For many individuals, pursuing a career in healthcare administration can be both personally and financially rewarding. This is especially true with the top administrative jobs in the profession, such as medical office manager, medical executive assistant, surgical scheduler, and medical biller.

Healthcare Administration Jobs Frequently Asked Questions (FAQ)

Do you have more questions about jobs in healthcare administration? Read on to find answers to some of the most-asked questions.

What can you do with a healthcare administration degree?

Many colleges and universities offer degrees in healthcare administration. Such a degree is desirable for many positions in the healthcare administration field, especially those focusing more on the business end of things, such as office manager and administrative assistant.

Classes in healthcare administration present many skills useful in the day-to-day duties of a healthcare administrator. These skills include organization, management, leadership, and technology—skills that can’t always be learned on the job.

There are many benefits to pursuing a healthcare administration degree, including:

  • Qualify for more jobs that require degrees
  • Hit the ground running without having to undertake long on-the-job training programs
  • Potentially higher salaries
  • More opportunities for career advancement

Which medical assistant certification is the best?

To get ahead in their jobs, many administrative and executive assistants engage in professional certification programs designed especially for medical assistants. There are many such certifications available, including:

  • Certified Medical Assistant (CMA), offered by the American Association of Medical Assistants (AAMA). This is the most popular certification for medical assistants today. CMAs need to be recertified every five years by 60 hours of continuing education or a new examination.
  • Registered Medical Assistant (RMA), offered by the American Medical Technologists (AMT). This certification can be awarded to individuals who graduate from an approved medical assistant program, who complete an approved course of employment, or who are already certified by another organization.    
  • National Certified Medical Assistant (NCMA), offered by the National Center for Competency Testing (NCCT). To obtain this certification, an individual must graduate from an NCCT-approved medical assistant program or complete at least two years of employment as a medical assistant. To be recertified, NCMAs must complete 14 hours of continuing education.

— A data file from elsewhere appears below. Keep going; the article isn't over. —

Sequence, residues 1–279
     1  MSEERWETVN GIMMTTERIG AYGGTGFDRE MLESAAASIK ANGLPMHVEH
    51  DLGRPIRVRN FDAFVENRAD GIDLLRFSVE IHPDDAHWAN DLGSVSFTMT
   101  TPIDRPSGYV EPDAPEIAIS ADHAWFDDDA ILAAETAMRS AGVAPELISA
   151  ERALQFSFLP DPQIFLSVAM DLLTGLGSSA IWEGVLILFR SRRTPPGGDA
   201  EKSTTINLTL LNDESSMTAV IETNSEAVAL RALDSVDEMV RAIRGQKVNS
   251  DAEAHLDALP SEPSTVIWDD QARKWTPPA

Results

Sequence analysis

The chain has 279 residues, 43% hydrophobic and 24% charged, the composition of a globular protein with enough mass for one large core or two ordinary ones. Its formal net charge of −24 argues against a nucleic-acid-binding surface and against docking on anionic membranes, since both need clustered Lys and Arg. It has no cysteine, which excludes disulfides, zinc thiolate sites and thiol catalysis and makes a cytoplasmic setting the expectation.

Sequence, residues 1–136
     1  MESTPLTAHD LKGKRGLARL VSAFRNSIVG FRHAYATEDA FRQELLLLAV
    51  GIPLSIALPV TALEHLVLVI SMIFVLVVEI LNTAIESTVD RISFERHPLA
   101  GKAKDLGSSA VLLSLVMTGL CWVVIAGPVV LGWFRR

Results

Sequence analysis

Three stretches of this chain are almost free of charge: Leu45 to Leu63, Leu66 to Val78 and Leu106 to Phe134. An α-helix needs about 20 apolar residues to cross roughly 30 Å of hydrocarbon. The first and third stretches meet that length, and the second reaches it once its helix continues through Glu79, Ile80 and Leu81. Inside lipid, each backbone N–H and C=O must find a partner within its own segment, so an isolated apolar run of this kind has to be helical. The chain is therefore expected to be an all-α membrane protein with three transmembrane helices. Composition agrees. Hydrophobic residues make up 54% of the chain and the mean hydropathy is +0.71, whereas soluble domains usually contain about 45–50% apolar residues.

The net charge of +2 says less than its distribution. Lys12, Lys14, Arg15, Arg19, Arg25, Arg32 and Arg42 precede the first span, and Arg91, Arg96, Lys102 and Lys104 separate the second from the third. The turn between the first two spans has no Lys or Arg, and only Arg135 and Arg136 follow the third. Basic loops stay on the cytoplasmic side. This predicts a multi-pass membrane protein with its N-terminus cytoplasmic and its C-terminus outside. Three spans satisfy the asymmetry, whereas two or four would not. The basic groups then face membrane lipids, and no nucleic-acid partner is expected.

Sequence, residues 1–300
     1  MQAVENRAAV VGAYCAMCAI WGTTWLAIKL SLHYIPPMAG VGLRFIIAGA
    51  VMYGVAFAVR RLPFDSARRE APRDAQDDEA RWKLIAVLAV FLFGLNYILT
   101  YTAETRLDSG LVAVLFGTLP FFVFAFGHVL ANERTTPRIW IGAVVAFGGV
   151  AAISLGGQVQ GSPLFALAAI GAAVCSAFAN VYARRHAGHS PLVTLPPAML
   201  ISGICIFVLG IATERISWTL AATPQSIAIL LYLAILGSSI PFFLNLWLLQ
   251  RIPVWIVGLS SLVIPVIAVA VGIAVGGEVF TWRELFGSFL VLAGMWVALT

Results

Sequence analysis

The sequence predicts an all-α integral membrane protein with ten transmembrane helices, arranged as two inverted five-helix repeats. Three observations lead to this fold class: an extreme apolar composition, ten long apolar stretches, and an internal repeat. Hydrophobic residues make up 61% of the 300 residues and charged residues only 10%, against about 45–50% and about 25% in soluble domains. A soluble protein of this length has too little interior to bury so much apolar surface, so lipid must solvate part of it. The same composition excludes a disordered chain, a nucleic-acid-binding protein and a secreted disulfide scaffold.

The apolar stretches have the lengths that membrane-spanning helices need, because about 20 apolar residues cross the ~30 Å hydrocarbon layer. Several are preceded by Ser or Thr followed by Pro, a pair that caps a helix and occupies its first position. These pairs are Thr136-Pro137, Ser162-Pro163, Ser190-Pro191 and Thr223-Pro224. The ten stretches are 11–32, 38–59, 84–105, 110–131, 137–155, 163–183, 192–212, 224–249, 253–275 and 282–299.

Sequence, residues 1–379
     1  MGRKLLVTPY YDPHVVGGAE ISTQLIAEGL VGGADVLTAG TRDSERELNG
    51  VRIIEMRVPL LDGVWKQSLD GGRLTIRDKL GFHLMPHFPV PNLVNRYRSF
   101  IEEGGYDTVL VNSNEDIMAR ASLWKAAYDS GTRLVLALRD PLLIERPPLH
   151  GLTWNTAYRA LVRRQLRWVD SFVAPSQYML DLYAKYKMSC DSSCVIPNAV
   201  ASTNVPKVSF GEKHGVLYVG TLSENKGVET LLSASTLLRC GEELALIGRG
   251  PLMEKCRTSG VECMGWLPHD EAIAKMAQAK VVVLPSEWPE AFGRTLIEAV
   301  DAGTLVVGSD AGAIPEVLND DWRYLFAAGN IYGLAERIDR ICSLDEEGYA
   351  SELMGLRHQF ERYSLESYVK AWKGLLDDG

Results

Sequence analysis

• Certified Clinical Medical Assistant (CCMA), offered by the National Healthcareer Association (NHA). To receive CCMA certification, an individual must complete an approved health program and be employed as a medical assistant for a year. To be recertified, CCMAs must complete 10 hours of continuing education.
  • Clinical Medical Assistant Certification (CMAC), offered by the American Medical Certification Association (AMCA). This certification is designed for assistants in clinical practice, and includes tasks such as recording patient visits, taking vitals, and drawing blood.
  • Podiatric Medical Assistant, Certified (PMAC), offered by the American Society of Podiatric Medical Assistants (ASPMA). This certification is targeted at medical assistants in podiatric practices.
  • Certified Ophthalmic Assistant (COA), offered by the International Joint Commission on Allied Health Personnel in Ophthalmology (IJCAHPO). This certification is targeted at medical assistants in ophthalmic practices.

Some of these certifications can be completed in six months, others require up to two years of work. Depending on the certification desired and where you take the classes, certification can cost anywhere from $1,200 to $4,000.

Which of these certifications are the best? It all depends on your specific circumstances.

The CMA is a good general certification with application across all manner of medical assistant positions. It’s also one of the toughest certifications to get, requiring graduation from an accredited post-secondary medical assisting program. For that reason, the CMA is held in high esteem by healthcare employers and very popular among aspiring medical assistants.

The other certifications are also good, some for specific positions. For example, the CCMA and CMAC are good if you’re assisting in a clinical environment, while the PMAC and COA are good for those working in the fields of podiatry and ophthalmology, respectively.

The best thing to do is consult with others at your workplace or those performing in a similar capacity elsewhere and see what certifications they recommend. Getting any certification is a major investment in time and money, so make sure you go after the one that will do you the most good in your career.

Where are medical assistants most needed?


Healthcare facilities of all types across the entire United States need qualified medical assistants. That said, some areas employ more medical assistants than others.

According to the Bureau of Labor Statistics, the five states with the highest concentration of medical secretaries and administrative assistants are, in order:

  1. California
  2. Texas
  3. Florida
  4. New York
  5. Pennsylvania

However, just because a state has the most job openings doesn’t mean it’s the best place to look for medical assistant jobs. One could argue that those states that pay the most are most in need of medical assistants, based on the theory of supply and demand. With that in mind, you should also look at those states that pay medical administrative assistants the highest salaries. The top five states with the highest average salaries are, in order:

  1. District of Columbia ($47,110/year)
  2. California ($46,140/year)
  3. Washington ($45,990/year)
  4. Massachusetts ($44,900/year)
  5. Rhode Island ($43,740/year)

Ultimately, however, the best areas for job hunting are those that have open medical assistant jobs that pay well. Using a staffing agency, such as Quadrant, is a good way to find the right openings for you.

Which certification is best for medical billing?

There are several certifications available for medical billing, including the following:

All of these certifications are valid for both medical billing and medical coding. Costs to achieve these certifications range from $1,000 to $6,000 but can immediately and dramatically affect your salary potential.

 If you are interested in a career in healthcare administration, turn to the employment experts at Quadrant.

Our experienced professionals will help you find the best position for you, so you can find the right healthcare administration job that pays well. Click here to search for new healthcare opportunities.

Contact Quadrant today to learn more about jobs in healthcare administration.